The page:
Raiders lack killer instinct

When Lane Kiffin talked about balance after accepting the job as head coach of the Oakland Raiders, operation give-back wasn't what he had in mind.

For the most part, Kiffin's Raiders have demonstrated the ability to stay within striking distance of their opponent in the fourth quarter, but have come up short in many cases because of a disturbing habit of surrendering points immediately after scoring themselves.

"It's an instinct we talk about it all the time," Kiffin said. "It doesn't matter how many three-and-outs you have. It doesn't matter what the score is, because you've got to go back out there and do it one more time."

The most recent example of Oakland's largesse with a lead came in a 29-22 loss to the Minnesota Vikings. Trailing 12-3, the Raiders fought back to take a 13-12 lead on Sebastian Janikowski's 30-yard field goal 11:18 left in the half.

It took the Vikings a second over two minutes to reassert themselves, driving 64 yards in four plays for a 19-13 lead. The Raiders tied the score before halftime, but never led again.

Often, the Raiders have faltered when it matters most, in the fourth quarter. A few examples:

After taking a 6-3 lead against Chicago with 4:04 left, the Bears scored in three plays, with Rex Grossman hitting Bernard Berrian with a 59-yard touchdown pass for a lead they never relinquished.

In a 24-17 loss to Houston, the Raiders were within 17-10 after a one-yard run by Justin Fargas with 11:22 left. Houston immediately drove 80 yards for a touchdown, with the last 42 yards coming on a touchdown pass from Sage Rosenfels to Andre Davis.

In a 28-14 loss to San Diego, Daunte Culpepper's one-yard pass to Zach Miller with 5:18 to play got the Raiders within 21-14. Six plays later, LaDainian Tomlinson capped an 85-yard drive with a 41-yard touchdown run for the final margin of victory.

In a 23-20 overtime loss to Denver in Week 2, Thomas Howard put Oakland in front with 8:55 left by intercepting a Jay Cutler pass and racing 44 yards for a touchdown and a 20-17 lead.

Denver responded with a 78-yard, 15-play drive that resulted in Jason Elam's 20-yard field goal to tie the score. Oakland lost in overtime.

In the season opener, Josh McCown hit Justin Griffith with a seven-yard touchdown pass with 7:43 left to take a 21-20 lead as the Raiders scored touchdowns on three consecutive drives.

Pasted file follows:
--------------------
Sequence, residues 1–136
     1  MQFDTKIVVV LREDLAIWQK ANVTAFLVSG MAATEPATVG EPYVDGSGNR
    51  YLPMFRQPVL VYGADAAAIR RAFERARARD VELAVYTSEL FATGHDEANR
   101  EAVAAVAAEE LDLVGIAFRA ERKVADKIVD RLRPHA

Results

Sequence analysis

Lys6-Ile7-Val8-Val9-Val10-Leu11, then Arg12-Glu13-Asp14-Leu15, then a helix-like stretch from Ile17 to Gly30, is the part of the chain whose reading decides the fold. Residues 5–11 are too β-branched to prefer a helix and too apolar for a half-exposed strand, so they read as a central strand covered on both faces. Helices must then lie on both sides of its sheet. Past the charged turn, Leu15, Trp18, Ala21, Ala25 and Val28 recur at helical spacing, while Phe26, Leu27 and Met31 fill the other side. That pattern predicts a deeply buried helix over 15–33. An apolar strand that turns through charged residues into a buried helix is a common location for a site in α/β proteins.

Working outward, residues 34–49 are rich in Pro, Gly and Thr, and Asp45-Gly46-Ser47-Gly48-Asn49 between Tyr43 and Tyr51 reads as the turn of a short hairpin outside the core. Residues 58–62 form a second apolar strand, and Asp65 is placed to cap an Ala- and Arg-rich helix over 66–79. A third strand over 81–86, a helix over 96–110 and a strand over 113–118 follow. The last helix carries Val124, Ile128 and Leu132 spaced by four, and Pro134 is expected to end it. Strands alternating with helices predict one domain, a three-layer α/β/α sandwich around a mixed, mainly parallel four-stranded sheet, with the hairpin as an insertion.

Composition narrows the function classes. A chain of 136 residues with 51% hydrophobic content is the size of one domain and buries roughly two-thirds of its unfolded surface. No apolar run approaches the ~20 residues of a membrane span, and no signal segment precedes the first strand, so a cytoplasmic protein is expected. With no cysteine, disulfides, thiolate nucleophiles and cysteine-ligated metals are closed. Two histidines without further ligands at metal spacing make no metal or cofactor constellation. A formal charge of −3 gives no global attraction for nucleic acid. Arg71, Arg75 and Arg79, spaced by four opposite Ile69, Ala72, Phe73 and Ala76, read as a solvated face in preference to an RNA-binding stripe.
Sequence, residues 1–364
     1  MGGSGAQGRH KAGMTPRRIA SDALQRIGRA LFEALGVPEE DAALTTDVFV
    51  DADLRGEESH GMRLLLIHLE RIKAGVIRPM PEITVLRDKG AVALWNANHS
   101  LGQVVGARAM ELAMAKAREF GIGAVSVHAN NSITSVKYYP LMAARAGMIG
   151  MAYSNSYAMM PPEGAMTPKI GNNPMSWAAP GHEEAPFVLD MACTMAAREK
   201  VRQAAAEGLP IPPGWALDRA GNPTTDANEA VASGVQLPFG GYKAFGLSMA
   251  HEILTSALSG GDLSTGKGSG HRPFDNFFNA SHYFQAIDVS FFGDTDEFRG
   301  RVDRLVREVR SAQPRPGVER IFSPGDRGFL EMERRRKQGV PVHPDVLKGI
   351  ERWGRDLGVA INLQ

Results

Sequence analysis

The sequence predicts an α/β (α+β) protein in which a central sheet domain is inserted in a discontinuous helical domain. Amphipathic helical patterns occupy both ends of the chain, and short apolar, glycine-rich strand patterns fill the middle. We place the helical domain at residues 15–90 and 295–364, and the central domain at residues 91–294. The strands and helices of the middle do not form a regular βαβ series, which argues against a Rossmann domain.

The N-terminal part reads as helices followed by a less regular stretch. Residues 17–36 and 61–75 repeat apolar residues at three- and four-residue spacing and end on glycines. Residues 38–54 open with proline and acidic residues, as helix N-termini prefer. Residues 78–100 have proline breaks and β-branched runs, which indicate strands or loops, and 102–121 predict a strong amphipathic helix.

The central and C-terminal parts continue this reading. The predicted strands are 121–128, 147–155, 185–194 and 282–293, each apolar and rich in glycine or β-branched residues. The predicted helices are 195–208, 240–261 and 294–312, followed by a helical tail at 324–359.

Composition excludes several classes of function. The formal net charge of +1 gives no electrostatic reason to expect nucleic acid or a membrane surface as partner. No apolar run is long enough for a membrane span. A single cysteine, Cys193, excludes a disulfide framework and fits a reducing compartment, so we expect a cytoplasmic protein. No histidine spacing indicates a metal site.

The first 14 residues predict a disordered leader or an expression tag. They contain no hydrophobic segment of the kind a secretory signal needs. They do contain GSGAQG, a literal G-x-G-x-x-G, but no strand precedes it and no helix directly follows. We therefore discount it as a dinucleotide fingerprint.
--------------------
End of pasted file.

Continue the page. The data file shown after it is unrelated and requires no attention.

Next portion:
Detroit reversed that momentum with a seven-play scoring drive of its own to re-take the lead with Jon Kitna's 32-yard pass to Shaun McDonald.

"We've put ourselves in plenty of ballgames where we could capitalize on a situation, but we haven't for whatever reason that is," defensive tackle Warren Sapp said. "I can't put my finger on it. If I could, I'd damn sure stop it because I've won 14 games since I've been here and that's not a good feeling."

Kiffin has been careful to spread the blame around and not implicate the defense. While the other units have contributed, it's clear Oakland's defense in the fourth quarter has been a sieve.

Opposing quarterbacks have a 93.9 quarterback rating against the Raiders in the fourth quarter, with Oakland having only one of its 11 interceptions. Howard's interception return for a score against Denver was the only fourth-quarter interception for the Raiders this season.

The Vikings rushed for 55 yards on 11 carries in the fourth quarter, continuing a trend that has seen foes rush for 327 fourth-quarter yards.

An Oakland defense that had not recovered a fumble all season through nine games -- the only team in the NFL not to have one -- had four against Minnesota. None came in the fourth quarter.

Sapp has been openly critical of Oakland's discipline overall, and rejects the notion that defenders should be looking to "make a play" with the game on the line.

"It's not, 'I've got to make a play,' " Sapp said. "It's, 'When a play presents itself, I make it.' You can't press and do something extra. You do your job. That's one thing Tony Dungy taught me a long time ago. Just do your job and have faith that the guy next to you is going to do his job. When 11 men are out there doing their job, it's beautiful, and that's what has to happen."


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